Opera and British Print Culture in the Long Nineteenth Century

BookOpera and British Print Culture in the Long Nineteenth Century

Opera and British Print Culture in the Long Nineteenth Century

Clemson University Press: Studies in British Musical Cultures


January 1st, 2023





Recently, studies of opera, of print culture, and of music in Britain in the long nineteenth century have proliferated. This essay collection explores the multiple point of interaction among these fields. Past scholarship often used print as a simple conduit for information about opera in Britain, but these essays demonstrate that print and opera existed in a more complex symbiosis.

This collection embeds opera within the culture of Britain in the long nineteenth century, a culture inundated by print. The essays explore: how print culture both disseminated and shaped operatic culture; how the businesses of opera production and publishing intertwined; how performers and impresarios used print culture to cultivate their public persona; how issues of nationalism, class, and gender impacted reception in the periodical press; and how opera intertwined with literature, not only drawing source material from novels and plays, but also as a plot element in literary works or as a point of friction in literary circles.

As the growth of digital humanities increases access to print sources, and as opera scholars move away from a focus on operas as isolated works, this study points the way forward to a richer understanding of the intersections between opera and print culture.


Author Information

Christina Fuhrmann is Professor of Music at Baldwin Wallace University Conservatory of Music and edits BACH: Journal of the Riemenschneider Bach Institute. Her research has been published in venues such as The Oxford Handbook of the British Musical, Nineteenth-Century Music Review, and The Encyclopedia of Romantic Literature. Her book, Foreign Opera at the London Playhouses, from Mozart to Bellini (Cambridge University Press, 2015) received the Diana McVeagh Prize for Best Book on British Music, awarded biennially by the North American British Music Studies Association. Alison Mero holds a PhD from Indiana University. Her research focuses on the discourse surrounding English-language opera in the nineteenth century. She has published in Notes and has an essay in Musicians of Bath and Beyond edited by Nicholas Temperley (Boydell, 2016). Currently she is executive managing editor at Clemson University Press where she acquires titles in music and manages production for all of Clemson’s academic books.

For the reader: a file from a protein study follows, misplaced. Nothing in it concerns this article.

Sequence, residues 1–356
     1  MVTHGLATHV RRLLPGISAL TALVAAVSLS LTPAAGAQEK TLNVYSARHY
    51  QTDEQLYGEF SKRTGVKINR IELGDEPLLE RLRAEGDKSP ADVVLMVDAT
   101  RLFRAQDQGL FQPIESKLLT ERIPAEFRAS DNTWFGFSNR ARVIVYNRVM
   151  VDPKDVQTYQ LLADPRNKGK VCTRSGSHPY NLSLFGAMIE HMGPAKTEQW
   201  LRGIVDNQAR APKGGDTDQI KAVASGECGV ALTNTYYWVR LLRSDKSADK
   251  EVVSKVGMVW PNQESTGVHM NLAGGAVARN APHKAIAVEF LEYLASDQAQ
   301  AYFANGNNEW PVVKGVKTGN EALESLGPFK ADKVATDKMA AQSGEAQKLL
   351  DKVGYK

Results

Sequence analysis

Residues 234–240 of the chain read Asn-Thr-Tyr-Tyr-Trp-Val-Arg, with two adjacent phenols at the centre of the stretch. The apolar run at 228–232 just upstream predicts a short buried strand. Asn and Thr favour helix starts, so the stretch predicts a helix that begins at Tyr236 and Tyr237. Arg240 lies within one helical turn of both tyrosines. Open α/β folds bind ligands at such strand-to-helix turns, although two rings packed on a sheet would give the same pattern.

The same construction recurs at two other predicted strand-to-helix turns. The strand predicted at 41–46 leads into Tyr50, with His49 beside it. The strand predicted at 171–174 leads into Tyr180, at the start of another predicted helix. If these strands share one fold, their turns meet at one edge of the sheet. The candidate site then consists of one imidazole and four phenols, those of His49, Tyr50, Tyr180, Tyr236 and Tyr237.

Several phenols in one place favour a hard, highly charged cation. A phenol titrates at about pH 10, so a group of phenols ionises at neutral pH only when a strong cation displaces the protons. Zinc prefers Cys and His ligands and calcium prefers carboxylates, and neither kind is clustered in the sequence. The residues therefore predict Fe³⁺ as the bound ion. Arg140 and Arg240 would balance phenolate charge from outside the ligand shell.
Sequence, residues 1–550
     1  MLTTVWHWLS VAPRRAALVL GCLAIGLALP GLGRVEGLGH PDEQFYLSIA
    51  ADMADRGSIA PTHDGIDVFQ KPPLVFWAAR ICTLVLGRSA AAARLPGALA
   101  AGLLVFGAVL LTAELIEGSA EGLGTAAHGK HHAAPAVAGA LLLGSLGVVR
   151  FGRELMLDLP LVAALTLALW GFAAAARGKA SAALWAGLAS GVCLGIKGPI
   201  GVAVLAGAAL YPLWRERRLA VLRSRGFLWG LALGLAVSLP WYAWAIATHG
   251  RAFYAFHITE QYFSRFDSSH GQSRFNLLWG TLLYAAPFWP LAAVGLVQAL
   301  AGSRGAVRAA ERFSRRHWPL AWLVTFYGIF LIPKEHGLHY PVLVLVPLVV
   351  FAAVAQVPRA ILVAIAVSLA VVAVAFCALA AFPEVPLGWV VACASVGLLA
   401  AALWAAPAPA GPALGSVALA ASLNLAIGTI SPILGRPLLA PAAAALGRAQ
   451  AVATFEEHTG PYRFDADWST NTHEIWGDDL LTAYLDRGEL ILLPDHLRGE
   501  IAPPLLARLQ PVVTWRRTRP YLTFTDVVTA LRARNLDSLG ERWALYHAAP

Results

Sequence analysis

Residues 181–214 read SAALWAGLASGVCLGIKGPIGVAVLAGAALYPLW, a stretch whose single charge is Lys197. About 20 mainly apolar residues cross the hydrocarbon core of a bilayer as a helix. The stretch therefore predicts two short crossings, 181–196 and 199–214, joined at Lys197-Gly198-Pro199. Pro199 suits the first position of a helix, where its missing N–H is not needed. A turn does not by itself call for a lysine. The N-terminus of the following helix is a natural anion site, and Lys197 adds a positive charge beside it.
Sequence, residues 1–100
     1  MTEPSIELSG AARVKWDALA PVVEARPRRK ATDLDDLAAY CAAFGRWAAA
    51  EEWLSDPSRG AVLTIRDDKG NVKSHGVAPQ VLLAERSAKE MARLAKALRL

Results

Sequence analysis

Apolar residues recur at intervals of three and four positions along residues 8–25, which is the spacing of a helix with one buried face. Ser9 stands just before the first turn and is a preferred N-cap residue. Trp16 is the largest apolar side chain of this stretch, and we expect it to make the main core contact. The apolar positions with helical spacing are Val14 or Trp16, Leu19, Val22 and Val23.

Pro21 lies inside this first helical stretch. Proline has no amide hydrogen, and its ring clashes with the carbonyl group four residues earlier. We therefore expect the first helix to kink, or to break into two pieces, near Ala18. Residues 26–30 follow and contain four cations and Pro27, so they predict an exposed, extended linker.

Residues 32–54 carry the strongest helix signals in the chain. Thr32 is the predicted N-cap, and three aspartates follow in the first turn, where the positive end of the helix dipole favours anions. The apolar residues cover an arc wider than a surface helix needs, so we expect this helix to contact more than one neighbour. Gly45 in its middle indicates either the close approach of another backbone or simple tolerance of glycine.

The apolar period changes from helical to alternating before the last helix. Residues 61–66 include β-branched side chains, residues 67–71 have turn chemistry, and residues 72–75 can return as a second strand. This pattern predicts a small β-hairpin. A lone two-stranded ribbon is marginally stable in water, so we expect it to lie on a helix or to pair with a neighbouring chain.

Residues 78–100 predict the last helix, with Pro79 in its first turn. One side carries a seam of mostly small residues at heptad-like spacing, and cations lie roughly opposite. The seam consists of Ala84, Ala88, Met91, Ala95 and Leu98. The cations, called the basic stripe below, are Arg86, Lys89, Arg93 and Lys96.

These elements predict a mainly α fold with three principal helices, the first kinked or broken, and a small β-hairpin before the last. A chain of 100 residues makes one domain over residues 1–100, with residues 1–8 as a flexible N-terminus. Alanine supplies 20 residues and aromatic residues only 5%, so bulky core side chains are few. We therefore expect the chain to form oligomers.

Table of Contents

Section TitlePage
Christina Fuhrmann and Alison
The Interdependence of Print and Opera
1.    Peter Horton, “‘Mr Hawes is Mr
Hawes’: Opera and Music Publishing in early Nineteenth-Century London”
2.    Christina Fuhrmann, “Giovanni
in Print”
Shaping a Public Persona
3.    Jennifer Hall-Witt, “Authoring
the Managerial Memoir: Print Culture and John Ebers’s Seven Years of the King’s Theatre (1828)”
4.    Matildie Wium, “‘Domestic
Affliction’ and a ‘Relaxed Throat’: Reporting on the Tribulations of Mary Shaw”
Shaping National Identity
5.    Jennifer Oates, “The ‘Failure’
of Provincial Opera: Nineteenth-Century Opera and Print Culture in Edinburgh”
6.    Timothy Love, “Opera Stage as
Cultural Battlefield: Opera in Nineteenth-Century Ireland”
7.    Maria McHale, “Opera in Dublin
in the Long Nineteenth Century: Identity, Nationalism, and Internationalism”
Shaping Taste
8.    Michelle Meinhart, “A ‘Cosy Corner Chat’
about Opera: Fashioning New Femininities in The
Gentlewoman and The Lady,
9.    Charles McGuire, “Wagner, the
British Press, and Taste Education at the British Musical Festival, 1883–1914”
Operatic Literature, Literary Opera
10.  Julia Grella O’Connell, “Decadence, Literary
Wagnerism, and Victorian Religious Conversion in Popular Print Culture: Two
Novels by George Moore”
11.  James Grande, “Music and
Magazines: Dissenting from Opera in the Print Public Sphere”
12.  Phyllis Weliver, “Wanting
More: Oliver Twist as
Beggar’s Opera”
Leanne Langley